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Does Your Homeowner Insurance Cover Damage from the New Airline Electronics Rules?

All politics aside, the latest U.S. travel policy is clear. Personal electronics larger than a smart phone are to be placed in checked baggage for flights to the US from such Middle East airports as Cairo or Dubai. Devices that need to be checked include cameras, laptops, tablets, game units, e-readers, and DVD players. But what happens when these devices are damaged inside baggage on your trip? You may be surprised to learn that your homeowner’s insurance covers you.

Ironically, the Transportation Security Administration advises packing fragile electronic devices in carry-on bags, which is what you’ve always done. But this suggestion is nixed by concerns that terrorists may use such devices as explosives on commercial flights. Unfortunately, such concerns don’t make your electronics any hardier, and if they’re damaged, here are your options.

• You won’t be getting any satisfaction from the airlines. They specifically do not cover damage to “fragile” items such as personal electronics.

• Your first line of defense should be your credit card. While exact policies differ by brand, you typically get free travel insurance if your tickets are purchased with either partially or wholly with the covering card. The American Express Platinum Card, for example, allows only $250 of loss for photographic or electronic equipment. The Citi Prestige Card covers up to $3,000 per traveler per trip, or up to $10,000 for all travelers in a group.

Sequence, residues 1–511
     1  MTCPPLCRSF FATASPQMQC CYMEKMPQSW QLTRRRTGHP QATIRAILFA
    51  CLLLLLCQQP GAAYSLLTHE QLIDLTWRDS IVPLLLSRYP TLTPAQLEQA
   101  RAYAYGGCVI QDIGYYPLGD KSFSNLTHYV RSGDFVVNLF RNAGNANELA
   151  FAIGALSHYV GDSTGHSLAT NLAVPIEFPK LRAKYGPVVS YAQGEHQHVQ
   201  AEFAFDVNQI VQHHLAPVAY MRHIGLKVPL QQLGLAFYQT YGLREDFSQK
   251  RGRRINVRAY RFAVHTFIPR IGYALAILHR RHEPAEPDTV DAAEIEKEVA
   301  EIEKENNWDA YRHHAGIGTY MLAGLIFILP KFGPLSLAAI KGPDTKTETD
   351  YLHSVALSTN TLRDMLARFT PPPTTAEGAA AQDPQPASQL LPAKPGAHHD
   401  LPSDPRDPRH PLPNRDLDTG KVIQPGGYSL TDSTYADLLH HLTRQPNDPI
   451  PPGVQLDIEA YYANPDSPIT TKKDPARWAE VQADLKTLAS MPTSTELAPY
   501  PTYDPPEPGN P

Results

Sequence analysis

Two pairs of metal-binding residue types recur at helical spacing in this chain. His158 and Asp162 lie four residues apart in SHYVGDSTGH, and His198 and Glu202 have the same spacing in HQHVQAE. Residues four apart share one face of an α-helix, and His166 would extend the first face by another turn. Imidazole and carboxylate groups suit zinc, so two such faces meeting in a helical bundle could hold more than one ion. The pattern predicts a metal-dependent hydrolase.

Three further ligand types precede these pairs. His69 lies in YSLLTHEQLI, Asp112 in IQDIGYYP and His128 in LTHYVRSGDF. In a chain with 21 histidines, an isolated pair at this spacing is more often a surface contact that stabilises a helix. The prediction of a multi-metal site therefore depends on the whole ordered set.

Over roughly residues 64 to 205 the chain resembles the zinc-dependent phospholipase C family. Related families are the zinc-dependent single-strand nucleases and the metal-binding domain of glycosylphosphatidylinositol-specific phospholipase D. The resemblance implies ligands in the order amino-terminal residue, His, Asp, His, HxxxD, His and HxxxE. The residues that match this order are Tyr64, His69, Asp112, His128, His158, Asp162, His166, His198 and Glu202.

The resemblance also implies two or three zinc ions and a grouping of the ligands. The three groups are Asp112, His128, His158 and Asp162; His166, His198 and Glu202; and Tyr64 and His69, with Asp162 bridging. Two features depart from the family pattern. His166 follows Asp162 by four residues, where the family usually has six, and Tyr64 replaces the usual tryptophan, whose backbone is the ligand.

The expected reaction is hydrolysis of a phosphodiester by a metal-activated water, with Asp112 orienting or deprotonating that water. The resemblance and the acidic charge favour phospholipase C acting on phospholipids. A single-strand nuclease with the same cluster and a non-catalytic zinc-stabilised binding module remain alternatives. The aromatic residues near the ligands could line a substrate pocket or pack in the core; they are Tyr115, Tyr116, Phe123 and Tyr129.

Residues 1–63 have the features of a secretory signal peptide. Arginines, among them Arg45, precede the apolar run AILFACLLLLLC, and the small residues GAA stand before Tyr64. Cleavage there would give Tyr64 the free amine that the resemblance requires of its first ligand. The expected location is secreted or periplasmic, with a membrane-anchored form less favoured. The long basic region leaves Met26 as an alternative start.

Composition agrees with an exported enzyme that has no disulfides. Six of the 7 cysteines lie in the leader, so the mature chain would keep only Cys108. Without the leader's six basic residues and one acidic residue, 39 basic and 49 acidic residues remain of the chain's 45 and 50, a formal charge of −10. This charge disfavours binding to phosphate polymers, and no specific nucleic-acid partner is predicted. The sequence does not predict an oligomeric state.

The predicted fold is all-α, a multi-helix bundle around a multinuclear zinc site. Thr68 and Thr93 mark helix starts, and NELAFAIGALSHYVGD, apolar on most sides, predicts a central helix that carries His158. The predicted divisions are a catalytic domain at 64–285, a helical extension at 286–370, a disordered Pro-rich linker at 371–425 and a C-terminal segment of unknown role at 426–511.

• Stand-alone travel insurance can be a possibility but you need to check for limits and exclusions. Typically, an annual policy offers more coverage than a plan purchased for an individual trip. Even then, losses may be limited to $500 or less.

• Your homeowner’s insurance actually covers such losses and did so even before the new airline rules came into effect. Keep in mind that your policy takes care of theft or damage to your possessions even outside the home. But such coverage may be subject to limits that do not cover the total cost of your electronics. Fortunately, you can usually purchase extra coverage in the form of a rider. Paying about $50 a year for an electronics rider may cover up to $5,000 a year in losses. Check with your insurance agent for specific information.

However you’re covered, it’s not enough to say that your laptop was lost or stolen on your way from the Middle East to LAX. You typically have to file paperwork with the airline, even if you know they won’t cover it. You then have to provide evidence that you submitted that claim in the form of a copy. Deadlines for filing such claims may be short – as little as three days – so be sure to check the coverage details before you travel.

You then need to provide evidence of ownership, such as purchase receipts. If you’re filing claims with credit cards or travel insurance, you’ll need additional travel documentation, such as the flight itinerary, a credit card statement showing that you charged the tickets to the covering credit card and the settlement or denial of the claim from the airline.

Of course, the best defense is not to bring any of the electronics that you have to check in. If your smart phone doesn’t have the resolution or memory to capture the vacation memories you need, or if you absolutely need a laptop for business at your destination, you can typically rent these items in the Middle East cities affected by the regulation.

If you need more information about how insurance can protect your new home and possessions, or if you’re interested in buying one of our many properties, please contact us.